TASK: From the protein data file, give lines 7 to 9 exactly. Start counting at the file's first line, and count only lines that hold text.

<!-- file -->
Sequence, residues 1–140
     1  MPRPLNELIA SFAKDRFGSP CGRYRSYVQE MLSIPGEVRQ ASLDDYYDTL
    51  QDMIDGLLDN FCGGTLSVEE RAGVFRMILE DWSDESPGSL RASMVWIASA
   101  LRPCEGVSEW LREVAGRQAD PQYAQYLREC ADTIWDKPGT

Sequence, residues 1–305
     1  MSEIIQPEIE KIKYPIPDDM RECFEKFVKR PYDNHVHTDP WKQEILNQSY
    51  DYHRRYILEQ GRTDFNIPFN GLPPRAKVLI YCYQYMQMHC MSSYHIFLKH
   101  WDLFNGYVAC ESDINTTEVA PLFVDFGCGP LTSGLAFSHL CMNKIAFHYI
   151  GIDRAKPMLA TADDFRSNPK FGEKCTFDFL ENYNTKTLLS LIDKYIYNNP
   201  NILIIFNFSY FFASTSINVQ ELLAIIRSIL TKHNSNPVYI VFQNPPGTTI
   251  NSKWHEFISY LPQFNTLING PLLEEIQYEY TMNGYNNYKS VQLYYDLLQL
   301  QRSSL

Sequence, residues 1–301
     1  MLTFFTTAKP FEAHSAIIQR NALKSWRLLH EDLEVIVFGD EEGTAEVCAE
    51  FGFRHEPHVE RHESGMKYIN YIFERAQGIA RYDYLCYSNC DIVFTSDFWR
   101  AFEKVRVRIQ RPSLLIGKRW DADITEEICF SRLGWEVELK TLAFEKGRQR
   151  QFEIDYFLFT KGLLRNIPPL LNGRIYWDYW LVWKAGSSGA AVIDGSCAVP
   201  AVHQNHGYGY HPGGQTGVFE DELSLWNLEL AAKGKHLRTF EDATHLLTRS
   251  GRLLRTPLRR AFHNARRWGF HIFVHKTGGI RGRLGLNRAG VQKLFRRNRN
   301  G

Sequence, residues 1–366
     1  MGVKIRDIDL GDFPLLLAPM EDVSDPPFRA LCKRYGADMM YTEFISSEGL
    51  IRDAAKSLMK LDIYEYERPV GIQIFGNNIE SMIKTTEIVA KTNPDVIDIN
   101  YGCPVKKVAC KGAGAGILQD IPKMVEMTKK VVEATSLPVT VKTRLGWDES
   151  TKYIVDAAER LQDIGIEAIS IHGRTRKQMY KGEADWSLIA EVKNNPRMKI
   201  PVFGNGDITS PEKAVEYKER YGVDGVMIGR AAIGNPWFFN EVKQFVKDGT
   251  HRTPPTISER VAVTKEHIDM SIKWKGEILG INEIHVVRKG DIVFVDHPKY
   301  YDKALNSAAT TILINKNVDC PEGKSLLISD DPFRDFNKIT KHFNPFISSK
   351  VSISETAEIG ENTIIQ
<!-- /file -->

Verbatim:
    51  DYHRRYILEQ GRTDFNIPFN GLPPRAKVLI YCYQYMQMHC MSSYHIFLKH
   101  WDLFNGYVAC ESDINTTEVA PLFVDFGCGP LTSGLAFSHL CMNKIAFHYI
   151  GIDRAKPMLA TADDFRSNPK FGEKCTFDFL ENYNTKTLLS LIDKYIYNNP